Every team needs a waterboy. Especially one that is like an unstoppable guided missile straight to the QB. In a 3-4 system, a blitz can be disguised and come from anywhere which will help Bobby put QBs in the hospital even more. We may need to work on his pass coverage but we will make sure he has as much tackling fuel as possible.
Harlan ‘Flat-top’ Meyers (Tom Whitenight) | Necessary Roughness (1991)
Some football players are made and some football players are born. Flat-Top most likely came out of the womb and tackled the doctor. The top defensive player from the number ranked team in the nation is a perfect addition to this unit as he will be the silent killer that won’t get as much praise as the other three linebackers but will simply get the job done.
Stefen Djordjevic (Tom Cruise) | All the Right Moves (1983)
How do you play against speed? With physicality and aggression. At the cornerback spot, Stefen may not be the biggest or fastest, but he will physically punish his opponent by not letting him get separation and making him pay when does happen to catch the ball. He is a bit of a hothead. A good coach can control that. They can not teach passion and aggression.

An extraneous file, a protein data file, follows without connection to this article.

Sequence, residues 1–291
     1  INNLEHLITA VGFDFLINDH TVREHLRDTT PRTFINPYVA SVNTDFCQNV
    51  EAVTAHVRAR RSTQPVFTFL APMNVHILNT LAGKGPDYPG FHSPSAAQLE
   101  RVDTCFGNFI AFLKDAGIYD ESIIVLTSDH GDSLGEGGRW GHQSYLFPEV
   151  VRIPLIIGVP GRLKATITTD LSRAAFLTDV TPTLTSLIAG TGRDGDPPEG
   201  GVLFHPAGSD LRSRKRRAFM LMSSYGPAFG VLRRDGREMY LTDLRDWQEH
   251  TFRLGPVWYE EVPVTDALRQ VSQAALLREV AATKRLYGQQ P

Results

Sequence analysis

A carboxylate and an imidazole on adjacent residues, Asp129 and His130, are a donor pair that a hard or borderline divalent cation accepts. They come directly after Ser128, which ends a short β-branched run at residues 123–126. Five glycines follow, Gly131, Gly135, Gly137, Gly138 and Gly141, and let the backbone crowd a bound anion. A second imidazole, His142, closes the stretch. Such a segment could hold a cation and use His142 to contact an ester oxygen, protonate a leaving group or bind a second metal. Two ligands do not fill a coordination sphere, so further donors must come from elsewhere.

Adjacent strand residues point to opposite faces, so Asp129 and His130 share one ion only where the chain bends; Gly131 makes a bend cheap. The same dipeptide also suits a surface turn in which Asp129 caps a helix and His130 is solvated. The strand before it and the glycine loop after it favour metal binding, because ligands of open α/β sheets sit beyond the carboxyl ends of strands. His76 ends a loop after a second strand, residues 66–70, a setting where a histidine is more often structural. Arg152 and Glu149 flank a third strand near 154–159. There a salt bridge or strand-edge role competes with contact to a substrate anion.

Trumaine (Wesley Snipes) | Wildcats (1986)
Every good defense needs a shutdown corner. Enter the Trumaine who is an all-round athlete that will have one job. Don’t let their best WR touch the ball. Speed and athleticism will help him out tremendously.
Spike (Sam Horrigan) | Little Giants (1994)
Spike eats, sleeps, and breathes football. He is only going to stronger and faster as he gets old which makes him perfect for the strong safety spot. Hell, he hasn’t even hit puberty yet. His job will be to knock out anyone who happens to break through the front seven or dares to cross midfield.